For straight fiction, I'd cite a lot of magical realism authors and books – especially Isabel Allende's House of Spirits and Garcia-Marquez' short story, A Very Old Man With Enormous Wings.
And that answer was waaay too long. Sorry.
Hawk: Ananth talks too much 😛
How do you work together? Does Ananth send a script, or a storyboard, or does Hawk do the art and Ananth add the words afterwards, or what?
Ananth: Back when we started, we would script and storyboard almost simultaneously (in class, more often than not). Nowadays we understand how each other works, so I just send Hawk a script, and if a layout explanation is easier with a storyboard, then I send that along as well. All visual work, down to the word bubbles, is done by Hawk.
Hawk: Sometime I like to add a few ideas when I draw the comic. For example, the squirrel was never written in the script for Issue 45. It was something I just drew in for the hell of it. For some reason it became a huge hit, so we decided to keep the squirrel.
I know Ananth ISN'T in the comic, and I assume Hawk is an exagerrated version of you, Hawk….what about the other characters? Are any of them based on real people? (I assume Eve the robot isn't, but I'd be delighted for you to tell me different…and I HOPE the real Hawk isn't talking to squirrels…)
Ananth: Hah, we get this question a lot, and I usually end up disappointing people when I say that the rest of the cast is purely fictional. The situations and events that occur are often based on real life, but that's as close as it goes. Alice, Jayce and Gina are characters I'd used on many an occasion before Applegeeks, and as I was somewhat comfortable writing them, it seemed a natural decision to use them here.
The real Hawk does talk to squirrels. He talks to a lot of things that aren't there … it takes some getting used to.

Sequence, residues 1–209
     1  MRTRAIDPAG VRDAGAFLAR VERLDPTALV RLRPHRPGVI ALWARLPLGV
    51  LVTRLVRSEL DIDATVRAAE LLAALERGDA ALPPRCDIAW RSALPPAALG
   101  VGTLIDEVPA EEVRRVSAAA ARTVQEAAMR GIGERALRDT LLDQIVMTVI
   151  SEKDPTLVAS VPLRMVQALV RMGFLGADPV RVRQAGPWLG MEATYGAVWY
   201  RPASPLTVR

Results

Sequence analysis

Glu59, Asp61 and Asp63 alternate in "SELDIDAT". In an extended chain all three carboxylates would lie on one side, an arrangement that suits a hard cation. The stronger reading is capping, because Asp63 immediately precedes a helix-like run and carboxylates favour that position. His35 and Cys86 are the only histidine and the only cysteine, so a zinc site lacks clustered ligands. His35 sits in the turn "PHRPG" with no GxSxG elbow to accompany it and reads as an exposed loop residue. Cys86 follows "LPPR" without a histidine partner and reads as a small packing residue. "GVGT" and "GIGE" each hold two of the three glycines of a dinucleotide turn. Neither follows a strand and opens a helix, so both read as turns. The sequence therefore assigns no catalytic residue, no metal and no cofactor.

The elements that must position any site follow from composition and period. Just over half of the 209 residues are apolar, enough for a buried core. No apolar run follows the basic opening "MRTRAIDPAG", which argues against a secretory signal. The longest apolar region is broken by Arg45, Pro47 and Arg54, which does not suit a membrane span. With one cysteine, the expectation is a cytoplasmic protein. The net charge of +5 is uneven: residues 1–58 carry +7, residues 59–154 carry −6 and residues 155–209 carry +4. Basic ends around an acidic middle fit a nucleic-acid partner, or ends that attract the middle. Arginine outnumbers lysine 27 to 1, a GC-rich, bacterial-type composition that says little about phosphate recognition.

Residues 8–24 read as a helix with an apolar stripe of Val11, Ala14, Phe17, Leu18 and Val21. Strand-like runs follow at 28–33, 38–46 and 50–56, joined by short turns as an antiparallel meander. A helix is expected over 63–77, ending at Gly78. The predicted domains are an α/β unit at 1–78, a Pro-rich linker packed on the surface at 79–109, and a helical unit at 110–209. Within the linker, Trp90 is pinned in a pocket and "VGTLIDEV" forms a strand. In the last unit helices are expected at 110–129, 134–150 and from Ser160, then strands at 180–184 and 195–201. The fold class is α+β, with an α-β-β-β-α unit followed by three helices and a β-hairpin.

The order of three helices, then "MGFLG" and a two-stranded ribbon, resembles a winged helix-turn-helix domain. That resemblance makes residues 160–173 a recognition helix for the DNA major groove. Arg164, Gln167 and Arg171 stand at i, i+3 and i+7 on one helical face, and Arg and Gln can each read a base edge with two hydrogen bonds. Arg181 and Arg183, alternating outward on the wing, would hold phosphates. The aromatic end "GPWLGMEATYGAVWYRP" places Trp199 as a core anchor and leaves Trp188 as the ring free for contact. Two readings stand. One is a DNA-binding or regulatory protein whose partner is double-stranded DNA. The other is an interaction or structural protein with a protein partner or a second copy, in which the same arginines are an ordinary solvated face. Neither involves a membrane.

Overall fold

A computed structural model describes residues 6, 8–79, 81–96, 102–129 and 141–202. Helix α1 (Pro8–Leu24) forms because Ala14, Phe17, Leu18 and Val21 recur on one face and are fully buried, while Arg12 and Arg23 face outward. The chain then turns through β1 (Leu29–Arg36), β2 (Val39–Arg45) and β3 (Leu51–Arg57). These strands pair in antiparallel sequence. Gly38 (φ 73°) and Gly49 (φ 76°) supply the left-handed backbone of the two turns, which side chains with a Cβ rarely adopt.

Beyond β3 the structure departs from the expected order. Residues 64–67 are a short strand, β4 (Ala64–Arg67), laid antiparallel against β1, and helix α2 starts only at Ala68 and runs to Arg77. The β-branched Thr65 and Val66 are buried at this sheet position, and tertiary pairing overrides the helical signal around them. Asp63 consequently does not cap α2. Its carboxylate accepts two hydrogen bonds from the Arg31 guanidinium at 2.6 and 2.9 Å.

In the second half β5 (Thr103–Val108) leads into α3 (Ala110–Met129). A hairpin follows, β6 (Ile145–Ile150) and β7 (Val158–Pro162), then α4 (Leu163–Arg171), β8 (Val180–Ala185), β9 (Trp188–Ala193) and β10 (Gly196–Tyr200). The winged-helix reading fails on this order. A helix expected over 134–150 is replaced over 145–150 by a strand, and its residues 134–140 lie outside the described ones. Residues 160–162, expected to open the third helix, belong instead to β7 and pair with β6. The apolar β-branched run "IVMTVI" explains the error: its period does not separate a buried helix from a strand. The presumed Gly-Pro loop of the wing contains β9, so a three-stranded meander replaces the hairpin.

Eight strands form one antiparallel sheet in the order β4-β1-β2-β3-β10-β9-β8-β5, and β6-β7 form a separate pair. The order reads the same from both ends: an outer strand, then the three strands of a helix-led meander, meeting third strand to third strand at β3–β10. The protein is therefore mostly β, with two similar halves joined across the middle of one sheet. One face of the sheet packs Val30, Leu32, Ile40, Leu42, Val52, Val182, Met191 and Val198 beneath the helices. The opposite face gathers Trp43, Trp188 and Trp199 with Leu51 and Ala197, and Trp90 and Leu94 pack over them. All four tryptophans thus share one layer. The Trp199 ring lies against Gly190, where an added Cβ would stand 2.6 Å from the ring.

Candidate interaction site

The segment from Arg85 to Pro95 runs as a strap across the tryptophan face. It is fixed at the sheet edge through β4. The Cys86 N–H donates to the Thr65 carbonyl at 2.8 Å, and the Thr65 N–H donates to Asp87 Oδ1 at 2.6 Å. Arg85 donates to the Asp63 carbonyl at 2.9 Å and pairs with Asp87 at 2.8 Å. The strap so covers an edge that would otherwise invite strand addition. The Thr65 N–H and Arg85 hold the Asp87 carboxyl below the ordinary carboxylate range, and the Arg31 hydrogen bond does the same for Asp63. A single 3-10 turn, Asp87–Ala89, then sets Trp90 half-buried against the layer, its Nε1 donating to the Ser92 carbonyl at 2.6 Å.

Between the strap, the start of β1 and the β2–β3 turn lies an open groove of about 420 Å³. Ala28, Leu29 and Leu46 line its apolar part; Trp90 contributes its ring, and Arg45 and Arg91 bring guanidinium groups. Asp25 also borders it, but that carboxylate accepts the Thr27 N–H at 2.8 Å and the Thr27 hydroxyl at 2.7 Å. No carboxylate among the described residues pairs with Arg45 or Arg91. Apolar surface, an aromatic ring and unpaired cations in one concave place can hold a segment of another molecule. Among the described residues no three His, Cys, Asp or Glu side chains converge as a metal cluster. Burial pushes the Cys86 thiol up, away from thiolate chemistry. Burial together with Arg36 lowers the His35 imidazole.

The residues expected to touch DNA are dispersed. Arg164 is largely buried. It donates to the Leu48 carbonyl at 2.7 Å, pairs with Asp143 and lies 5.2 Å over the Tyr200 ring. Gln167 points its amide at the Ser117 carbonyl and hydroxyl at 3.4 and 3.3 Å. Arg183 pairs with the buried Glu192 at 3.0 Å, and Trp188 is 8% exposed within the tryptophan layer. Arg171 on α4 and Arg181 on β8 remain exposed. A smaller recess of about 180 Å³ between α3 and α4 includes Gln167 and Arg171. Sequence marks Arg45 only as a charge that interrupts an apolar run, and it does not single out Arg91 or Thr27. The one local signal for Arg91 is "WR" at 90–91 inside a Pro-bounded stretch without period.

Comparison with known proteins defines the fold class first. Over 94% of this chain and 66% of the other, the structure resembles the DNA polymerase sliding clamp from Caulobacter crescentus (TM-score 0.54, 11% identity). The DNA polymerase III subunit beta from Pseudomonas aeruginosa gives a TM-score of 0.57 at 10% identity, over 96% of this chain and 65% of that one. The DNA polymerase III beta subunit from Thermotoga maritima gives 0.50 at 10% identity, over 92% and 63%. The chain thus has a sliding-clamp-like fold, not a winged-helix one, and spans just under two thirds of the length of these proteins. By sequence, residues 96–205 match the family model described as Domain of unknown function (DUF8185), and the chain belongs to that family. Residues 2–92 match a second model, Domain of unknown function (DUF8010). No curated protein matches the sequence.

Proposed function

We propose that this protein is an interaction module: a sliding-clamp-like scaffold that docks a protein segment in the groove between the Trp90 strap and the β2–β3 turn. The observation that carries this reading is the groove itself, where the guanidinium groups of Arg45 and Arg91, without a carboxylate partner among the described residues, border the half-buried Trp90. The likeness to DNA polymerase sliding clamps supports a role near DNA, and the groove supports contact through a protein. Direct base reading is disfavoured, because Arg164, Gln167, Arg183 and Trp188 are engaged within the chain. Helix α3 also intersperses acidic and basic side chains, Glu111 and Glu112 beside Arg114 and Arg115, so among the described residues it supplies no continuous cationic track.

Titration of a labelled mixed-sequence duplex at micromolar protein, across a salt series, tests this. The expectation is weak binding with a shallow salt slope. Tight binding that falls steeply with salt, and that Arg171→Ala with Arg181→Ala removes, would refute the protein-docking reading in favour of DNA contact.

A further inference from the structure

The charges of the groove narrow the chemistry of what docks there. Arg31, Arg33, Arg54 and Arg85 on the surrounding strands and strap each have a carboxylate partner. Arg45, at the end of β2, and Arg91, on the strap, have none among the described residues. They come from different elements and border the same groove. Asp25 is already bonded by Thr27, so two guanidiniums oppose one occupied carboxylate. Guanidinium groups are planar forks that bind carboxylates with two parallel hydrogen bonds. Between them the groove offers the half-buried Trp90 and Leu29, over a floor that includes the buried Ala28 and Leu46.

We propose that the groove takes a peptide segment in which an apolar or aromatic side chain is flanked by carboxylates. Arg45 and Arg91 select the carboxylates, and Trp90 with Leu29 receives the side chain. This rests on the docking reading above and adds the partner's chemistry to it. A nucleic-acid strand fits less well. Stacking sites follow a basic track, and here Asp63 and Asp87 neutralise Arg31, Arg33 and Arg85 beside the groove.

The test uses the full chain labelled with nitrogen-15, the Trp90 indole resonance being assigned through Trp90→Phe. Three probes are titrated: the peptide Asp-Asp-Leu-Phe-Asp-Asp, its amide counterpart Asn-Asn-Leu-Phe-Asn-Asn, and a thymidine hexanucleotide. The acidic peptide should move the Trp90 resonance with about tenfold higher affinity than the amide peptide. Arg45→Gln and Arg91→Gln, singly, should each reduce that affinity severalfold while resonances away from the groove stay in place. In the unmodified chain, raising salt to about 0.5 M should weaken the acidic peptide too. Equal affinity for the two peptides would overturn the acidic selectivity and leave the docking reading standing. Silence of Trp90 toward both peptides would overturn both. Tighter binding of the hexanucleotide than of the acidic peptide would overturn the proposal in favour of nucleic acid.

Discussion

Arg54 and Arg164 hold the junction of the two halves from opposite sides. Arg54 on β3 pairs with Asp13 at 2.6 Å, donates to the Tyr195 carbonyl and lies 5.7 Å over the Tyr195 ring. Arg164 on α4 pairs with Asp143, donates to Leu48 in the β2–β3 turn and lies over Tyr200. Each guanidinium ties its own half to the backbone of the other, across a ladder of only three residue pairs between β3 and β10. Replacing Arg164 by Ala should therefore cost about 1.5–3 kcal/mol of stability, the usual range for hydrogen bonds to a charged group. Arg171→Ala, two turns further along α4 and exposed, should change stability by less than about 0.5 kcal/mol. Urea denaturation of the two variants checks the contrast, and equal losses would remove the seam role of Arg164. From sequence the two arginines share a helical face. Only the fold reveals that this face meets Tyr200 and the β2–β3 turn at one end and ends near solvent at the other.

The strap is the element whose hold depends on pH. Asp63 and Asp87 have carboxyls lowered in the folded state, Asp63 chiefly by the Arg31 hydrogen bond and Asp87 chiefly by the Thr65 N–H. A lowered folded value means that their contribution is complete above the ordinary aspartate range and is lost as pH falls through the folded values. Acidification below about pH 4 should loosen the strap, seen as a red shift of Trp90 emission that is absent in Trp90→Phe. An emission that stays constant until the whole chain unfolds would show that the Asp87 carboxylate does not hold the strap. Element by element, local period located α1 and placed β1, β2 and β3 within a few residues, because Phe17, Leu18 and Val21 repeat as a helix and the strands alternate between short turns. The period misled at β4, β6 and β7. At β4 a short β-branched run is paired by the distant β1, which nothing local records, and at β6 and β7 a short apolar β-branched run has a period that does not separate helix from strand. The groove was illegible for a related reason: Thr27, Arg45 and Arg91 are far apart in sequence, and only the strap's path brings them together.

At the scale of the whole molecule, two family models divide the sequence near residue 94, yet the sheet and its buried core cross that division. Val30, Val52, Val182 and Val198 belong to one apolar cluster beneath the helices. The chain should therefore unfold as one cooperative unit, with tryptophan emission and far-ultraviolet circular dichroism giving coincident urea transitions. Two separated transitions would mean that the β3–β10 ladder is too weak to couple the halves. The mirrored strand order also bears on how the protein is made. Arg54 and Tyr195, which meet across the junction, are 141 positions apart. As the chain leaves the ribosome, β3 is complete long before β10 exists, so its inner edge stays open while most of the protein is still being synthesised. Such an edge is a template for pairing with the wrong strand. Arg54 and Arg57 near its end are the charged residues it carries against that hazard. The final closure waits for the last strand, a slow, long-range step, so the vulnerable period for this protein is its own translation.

Hawk: It's always the quiet ones you have to look out for…
Turning Hawk's hunger during Ramadan into a running joke is a refreshingly normal/funny look at a character who's religious. There are so many Islamic stereotypes these days…thanks for breaking the mold. (Before that sequence, I would have thought the cartoon Hawk worshipped Steve Jobs.) Did you get any negative feedback on that, in these paranoid days after 9-11—from anyone?
Ananth: I don't think we got any negative e-mails, surprisingly. We did get a lot of e-mails from readers thanking us for broaching a subject that gets neglected. It's one of the few topics that makes me wish I had written myself in – there's a whole wealth of material that I could have tapped if there was an Indian character as well. As it stands, I'm saving that material for some other upcoming projects.
Hawk: Nope, we didn't get any negative emails. Everyone was very supportive.
Why did you decide to do this on the web? What other webcomics do you admire?
Ananth: We think the web is a great place for this sort of comic strip – it gives our audience a direct, conventient line to us. I read Penny Arcade, VGCats, and Sinfest regularly. I check a whole host of other comics 3-4 times a month.
Hawk: Not to mention it's free. Well I guess it's not free, since we have to pay for the server. But it's better than paying a publisher and hoping it will sell. Since we have the comics on the web, we have a better understanding if we can make the comics into a book.
So, who's your FAVORITE of the characters in the strip? Jayce? Alice? Gina? Eve?
Ananth: Alice. I've got plans to develop the other characters further, but at the moment Alice is the most tangible, interesting one to me.
Hawk: Alice, Eve, and Gina. I like girls. =)
What are your plans for Applegeeks? Do you have any other projects lined up?
Ananth: We plan to do it for as long as we feel reasonable – which means a few more years, I suspect. As for side projects, we always have side projects… we just completed Seven, a 9-page short for the robot-themed Disposable Parts Anthology. We're working on a new project called Neomera– – I'm still in the act of planning it out, but it's basically about pirates. That one is going to be a short as well… we've got tentative plans to open a site that will contain 8-10 page shorts, where Hawk will try new styles, and where I can flex and tone my story-telling muscles.
Al Schroeder is Interview Editor for Comixpedia. His webcomic is Mindmistress.